During times of distress, it is primitive to turn to media that reminds us of a simpler time. Clinical psychologist specializing in traumatic stress, Valentina Stoycheva said, “In times of trauma and overwhelming stress, it’s a natural instinct to feel nostalgic and rely on those feelings for comfort and a sense of normalcy.” In August Stephanie Myer released “Midnight Sun,” the re-telling of “Twilight” from Edward’s perspective. Subsequently, Amazon released the entire “Twilight” series for free for Amazon Prime members. Unfortunately, they were removed on Sept. 1, but are still available on Hulu.
After taking a second look at the “Twilight” series in 2020, many people are having a reckoning as to how the series and Bella were perceived in the past. Personally, I remember watching the “Twilight” series at the ripe age of 11-years-old and claiming it as substandard. I was one of those kids that rebelled against the color pink because I associated it with femininity. At the time, loathing “Twilight” simply seemed like the right thing to do. I remember hearing older women I looked up to in my life criticize the portrayal of Bella as “weak and whiny.” Naturally, I accepted this ideology as true. In addition, disapproving of something that feminine individuals typically enjoyed made me feel like I had an edge; something that made me “better than other girls.”
Bouncing back to today, I found myself re-watching the series during the state-mandated quarantine. A little ashamed to admit, I became so utterly invested in the made-up world of Forks, Washington. Considering the circumstances, I made an exception for myself, coming up with the excuse that it was a rough time for everyone, so it is natural for me to cling to false realities. However, after deeper analysis, I became curious as to why the “Twilight” series was previously perceived in such a negative light. Was Bella really as weak and whiny as we thought, or did we simply assume this because of the demographic the series attracts? Although Bella’s goals in life were different than most women today, she still knew what she wanted from the very beginning. She told Jacob in “New Moon,” “Don’t make me choose because it will be [Edward], it’s always been him”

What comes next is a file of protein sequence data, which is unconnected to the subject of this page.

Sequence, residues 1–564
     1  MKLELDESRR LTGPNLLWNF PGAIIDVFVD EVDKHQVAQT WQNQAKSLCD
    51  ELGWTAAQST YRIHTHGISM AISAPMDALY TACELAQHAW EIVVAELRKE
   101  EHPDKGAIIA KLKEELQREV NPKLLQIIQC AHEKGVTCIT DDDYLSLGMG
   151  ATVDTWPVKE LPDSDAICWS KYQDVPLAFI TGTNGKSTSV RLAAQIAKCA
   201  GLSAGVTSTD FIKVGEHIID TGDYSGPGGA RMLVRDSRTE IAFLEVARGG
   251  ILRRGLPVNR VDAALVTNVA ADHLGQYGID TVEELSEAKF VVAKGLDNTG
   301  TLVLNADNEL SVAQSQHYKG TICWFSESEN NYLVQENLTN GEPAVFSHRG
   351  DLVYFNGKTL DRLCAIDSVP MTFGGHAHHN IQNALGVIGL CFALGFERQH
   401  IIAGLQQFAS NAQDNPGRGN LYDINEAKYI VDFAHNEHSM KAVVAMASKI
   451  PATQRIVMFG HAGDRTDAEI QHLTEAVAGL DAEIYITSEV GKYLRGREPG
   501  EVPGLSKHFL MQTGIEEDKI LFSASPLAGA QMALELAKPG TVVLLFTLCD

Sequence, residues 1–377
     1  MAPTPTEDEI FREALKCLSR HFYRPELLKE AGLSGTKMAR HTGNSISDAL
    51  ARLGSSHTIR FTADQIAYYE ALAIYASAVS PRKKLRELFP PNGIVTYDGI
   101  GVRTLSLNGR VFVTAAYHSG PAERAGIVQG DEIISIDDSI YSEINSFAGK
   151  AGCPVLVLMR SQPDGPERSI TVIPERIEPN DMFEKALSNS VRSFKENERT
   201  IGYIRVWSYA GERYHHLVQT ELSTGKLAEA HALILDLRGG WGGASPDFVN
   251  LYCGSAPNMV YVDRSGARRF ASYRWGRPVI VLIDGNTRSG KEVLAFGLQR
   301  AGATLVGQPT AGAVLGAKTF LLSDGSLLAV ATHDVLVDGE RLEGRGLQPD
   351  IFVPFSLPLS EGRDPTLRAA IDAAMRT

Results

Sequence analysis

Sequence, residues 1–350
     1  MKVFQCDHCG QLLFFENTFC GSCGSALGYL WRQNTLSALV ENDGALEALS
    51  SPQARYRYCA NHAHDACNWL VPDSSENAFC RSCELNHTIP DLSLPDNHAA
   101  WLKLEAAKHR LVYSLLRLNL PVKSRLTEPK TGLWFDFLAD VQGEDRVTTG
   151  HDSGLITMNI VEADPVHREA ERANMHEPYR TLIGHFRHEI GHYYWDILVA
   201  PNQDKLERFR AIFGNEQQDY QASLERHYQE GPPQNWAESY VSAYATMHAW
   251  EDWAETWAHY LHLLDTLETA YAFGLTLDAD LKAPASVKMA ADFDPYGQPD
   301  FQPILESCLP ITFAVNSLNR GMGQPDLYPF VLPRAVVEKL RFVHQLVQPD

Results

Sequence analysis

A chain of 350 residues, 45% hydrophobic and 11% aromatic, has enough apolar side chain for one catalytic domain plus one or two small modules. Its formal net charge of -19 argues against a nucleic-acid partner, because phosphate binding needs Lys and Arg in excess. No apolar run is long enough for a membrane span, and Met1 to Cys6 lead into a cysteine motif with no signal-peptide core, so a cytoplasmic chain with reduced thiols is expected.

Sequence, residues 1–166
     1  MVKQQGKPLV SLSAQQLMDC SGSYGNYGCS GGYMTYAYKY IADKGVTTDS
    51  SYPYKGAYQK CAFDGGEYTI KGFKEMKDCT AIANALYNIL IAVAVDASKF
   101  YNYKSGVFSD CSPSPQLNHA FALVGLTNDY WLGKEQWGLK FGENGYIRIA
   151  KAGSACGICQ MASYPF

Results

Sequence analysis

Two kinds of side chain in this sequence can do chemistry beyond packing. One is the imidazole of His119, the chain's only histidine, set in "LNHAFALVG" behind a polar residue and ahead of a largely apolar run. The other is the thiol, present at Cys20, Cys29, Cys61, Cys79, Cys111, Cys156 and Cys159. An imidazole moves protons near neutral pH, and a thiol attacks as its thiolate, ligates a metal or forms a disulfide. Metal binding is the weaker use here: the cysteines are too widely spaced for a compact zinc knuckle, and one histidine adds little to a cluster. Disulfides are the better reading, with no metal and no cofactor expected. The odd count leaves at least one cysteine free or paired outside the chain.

The re-evaluation of this series has also led many people to question Jacob’s behavior, as he had some manipulative behaviors and didn’t understand consent. Throughout the series, Bella was clear about what she wanted, but Jacob just kept on pushing. There is a scene in “Eclipse” where Jacob and Bella discussed their relationship, Bella told him, “I know what I want.” This was Bella referring to wanting to be with Edward. Jacob then proceeded to forcefully kiss Bella, which was a yikes moment. I had previously seen Bella as indecisive, but re-watching the series made me realize that she was very clear about what she wanted from the beginning and that Jacob may have been the real problem.
How does Internalized misogyny intertwine with our perception of “Twilight”? Well, internalized misogyny is when women subconsciously project sexist ideas onto other women and even onto themselves. It wasn’t until I heard this term that I realized I had many of these behaviors growing up, the most prominent one being my perception of “Twilight.” I have started to see that it was not just me that experienced this phenomenon. My TikTok and Twitter accounts recently flooded with content about re-considering “Twilight,” and how it wasn’t as bad as we previously perceived it to be. It is very valid to criticize a movie for technical reasons and acting skills, but I would like to argue that the public’s hatred towards “Twilight” ties to the internalized misogyny presented in the series.
Categories: Politics and Economics